Financial Mail

Where the fun stops


directors often have no feel for the businesses they’re involved with.

“The board then becomes the puppet of the shareholde­rs,” he says.

As a result, he says, companies with shareholde­rs of reference — owning 50% or more, say — tend to have betterfunc­tioning boards.

When Clover listed, its farmer shareholde­rs started to sell and the company ended up with “a lot of independen­t directors who were … mindful of making a mistake”.

More problemati­c was that they “didn’t have a long-term view”.

This, says Vorster, is anathema to entreprene­urship. He says Clover used to have a “risk register” running to more than 100 pages.

“The new owners just scrapped that. And they are looking for management to take risks. If you grow up in a multinatio­nal like Unilever, there’s a manual and you get your salary, but it’s very different if you’re a family business or a person who’s built the business and wants to take it to the next level,” he says.

And Steinhoff’s collapse didn’t help. “After Steinhoff it became impossible to run a business,” he says, “because everyone was shit scared.”

Clover CEO Johann Vorster knows what it’s like to run a business on both sides of the listing divide — and he is scathing about his experience­s as a director of a public company. The dairy group was bought and delisted from the JSE last year by a consortium led by an Israeli family firm, the Central Bottling Company. It had been Vorster’s second listing — his first was the now-defunct packaging group Astrapak. Before Astrapak went public, he says, its backbone, East Rand Plastics, was a solid family business. “The family made decisions fast … and everything was long term. All of that worked well for us — then we got sucked up by private equity,” he says. Vorster likens the initial approach to a courtship: “In the beginning they tell you how great you are — it’s a fantastic story and you just want to get married. “But the moment you do, you’re dead in the water.” Astrapak’s new shareholde­rs were loath to provide capital when growth opportunit­ies came up. And every cent spent was scrutinise­d. Eventually, a company that once had an earnings before interest, tax, depreciati­on and amortisati­on margin of 28% had to close. At Clover, Vorster inherited an old agricultur­al co-operative, 65% of which was owned by farmers. “It’s a nice structure,” he says, “but it’s also deprived of capital.” The owners opted to list the company partly because they needed to raise money to pay down debt. Vorster says the sales pitch for listing is always the same: better exposure, better access to capital, the ability to attract better people. Instead, he says, “all you get is the opposite”. After the initial capital is in the bag, Vorster says the fun stops. He is particular­ly withering about asset managers who, he says, “come at you with comparativ­e analysis; they analyse your income statement, it’s all about ratios and that’s all they do”. While he acknowledg­es that they’re responsibl­e for other people’s money, their short-term thinking riles him. To some extent, it’s understand­able: under listings laws, companies are obliged to report results every six months. But for most businesses, the game is five to 10 years out. A company “might have one bad year and then get penalised for a long time”, he says. Vorster also takes issue with the interplay between shareholde­rs and company boards, which are becoming “so independen­t” that nonexecuti­ve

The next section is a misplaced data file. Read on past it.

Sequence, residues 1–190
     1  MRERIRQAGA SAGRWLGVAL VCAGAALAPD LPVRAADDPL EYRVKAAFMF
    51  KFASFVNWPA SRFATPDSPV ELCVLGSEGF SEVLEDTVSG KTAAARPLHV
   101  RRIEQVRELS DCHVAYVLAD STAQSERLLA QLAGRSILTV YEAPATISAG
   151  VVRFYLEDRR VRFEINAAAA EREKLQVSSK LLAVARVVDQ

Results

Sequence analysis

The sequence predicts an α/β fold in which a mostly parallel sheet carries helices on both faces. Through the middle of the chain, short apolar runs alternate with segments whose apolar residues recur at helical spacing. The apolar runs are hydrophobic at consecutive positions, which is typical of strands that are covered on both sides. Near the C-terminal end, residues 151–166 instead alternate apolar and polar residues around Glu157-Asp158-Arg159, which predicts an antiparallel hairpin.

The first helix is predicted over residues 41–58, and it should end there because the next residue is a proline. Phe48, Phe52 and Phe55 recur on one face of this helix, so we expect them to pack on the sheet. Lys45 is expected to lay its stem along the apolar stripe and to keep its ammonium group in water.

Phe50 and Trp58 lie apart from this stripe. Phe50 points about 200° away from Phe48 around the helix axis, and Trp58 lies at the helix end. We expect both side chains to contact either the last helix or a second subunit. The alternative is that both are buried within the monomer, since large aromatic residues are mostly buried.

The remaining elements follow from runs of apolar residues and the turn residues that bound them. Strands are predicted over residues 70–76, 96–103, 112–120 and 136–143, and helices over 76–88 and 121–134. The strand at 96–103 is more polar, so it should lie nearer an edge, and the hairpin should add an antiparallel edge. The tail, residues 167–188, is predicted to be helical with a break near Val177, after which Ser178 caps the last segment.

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Johann Vorster

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